To understand the attitude, check out our post on definitions of attitude and determine the important aspects of attitude from this definition and those given above.

Analyzing the above definitions and the discussion made above, we can identify the following few aspects of an attitude:

Important Aspects of an Attitude

Attitudes are Learned

Individuals do not bear with attitudes. That is, attitude is not programmed genetically.

Individuals rather learn attitudes through information received from the environment. An individual may receive information both from his commercial and social environments.

Second, they learn attitudes through direct experience with the attitude object.

For example, one may buy and use a particular toothpaste brand and can develop a positive or negative feeling toward the brand.

Third, attitudes may be learned through a combination of information received and experience with the attitude object.

For example, one may read an advertisement (information) and buy and use the product.

As attitudes are learned, marketers may provide information to customers through marketing communication tools and distribute free samples for customers to have experience with the product, thus helping them form attitudes toward the product.

Attitudes are Predispositions to Respond

Attitudes imply a covert or hidden behavior, not overt or exposed. That is, others cannot observe them (attitudes).

One cannot see others’ attitudes or verify them; attitudes can be felt. They are the individuals’ predispositions to evaluate some symbol or object or aspect of his world favorably or unfavorably.

Attitudes may be expressed verbally through opinions or non verbally through behavior. It means that attitudes are hypothetical make-ups or constructs. These hypothetical constructs lead to actual overt behavior.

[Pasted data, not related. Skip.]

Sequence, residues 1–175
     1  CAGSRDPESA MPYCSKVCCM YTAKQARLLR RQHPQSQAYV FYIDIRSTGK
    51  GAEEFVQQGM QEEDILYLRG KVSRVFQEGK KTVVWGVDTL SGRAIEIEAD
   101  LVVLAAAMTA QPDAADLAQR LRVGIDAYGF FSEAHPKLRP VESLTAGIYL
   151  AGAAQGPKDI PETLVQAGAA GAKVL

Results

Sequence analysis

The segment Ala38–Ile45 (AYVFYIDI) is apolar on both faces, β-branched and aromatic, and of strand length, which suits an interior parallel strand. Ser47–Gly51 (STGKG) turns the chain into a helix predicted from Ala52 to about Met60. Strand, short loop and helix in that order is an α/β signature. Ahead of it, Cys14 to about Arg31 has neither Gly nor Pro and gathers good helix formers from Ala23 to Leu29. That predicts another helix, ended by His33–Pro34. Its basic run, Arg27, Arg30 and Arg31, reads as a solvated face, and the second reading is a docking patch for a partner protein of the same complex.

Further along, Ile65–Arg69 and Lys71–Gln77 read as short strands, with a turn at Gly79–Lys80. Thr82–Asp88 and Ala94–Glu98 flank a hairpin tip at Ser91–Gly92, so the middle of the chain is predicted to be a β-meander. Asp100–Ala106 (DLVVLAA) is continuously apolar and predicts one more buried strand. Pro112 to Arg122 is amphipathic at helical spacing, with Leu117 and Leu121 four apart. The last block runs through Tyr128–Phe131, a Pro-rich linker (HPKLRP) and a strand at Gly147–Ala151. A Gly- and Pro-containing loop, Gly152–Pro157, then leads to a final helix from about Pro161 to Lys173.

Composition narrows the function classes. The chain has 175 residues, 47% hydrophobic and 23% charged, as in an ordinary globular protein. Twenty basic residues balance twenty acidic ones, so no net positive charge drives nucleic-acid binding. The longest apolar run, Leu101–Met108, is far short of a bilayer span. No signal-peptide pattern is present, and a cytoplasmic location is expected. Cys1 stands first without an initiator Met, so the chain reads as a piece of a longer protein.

For example, if an individual is favorably predisposed toward a brand, he is likely to recommend others to buy that brand, or he may purchase the brand himself.

Attitudes are Consistently Favorable or Unfavorable Responses

Attitude toward an object leads to responses toward that object.

If an individual’s attitude is found favorable toward an object, he is likely to make positive responses toward it, and this tendency is likely to be fairly consistent.

In the case of a negative attitude, negative responses are likely to happen and happen consistently again.

Attitude Objects

It was mentioned earlier that attitudes are directed toward some object. In this case, the object may include a product, company, person, place, service, idea, store, issues, behavior, and so on.

Attitudes Have Degree and Intensity

Attitudes can be measured or quantified. That is, they have degrees.

For example, one may develop a highly positive attitude toward a particular brand, and another may develop a moderately positive attitude toward the same brand.

By this, you understand that attitudes have degrees.

Moreover, they have intensity, that is, the level of certainty or confidence of expression about the attitude object. For example, one individual may be highly confident about his belief or feeling, whereas another individual may not be equally sure of his feeling or belief.

Models Explaining How Attitudes are Organized or Formed

Understanding the structure of attitude is important because it helps us know how attitude works. There are quite a few schools of thought on attitude organization.

Each of these thoughts represents a model of attitudes. Out of these few orientations, two are noteworthy. They are The tripartite view or three-component attitude model; and, The multiattribute model developed by Martin A. Fishbein.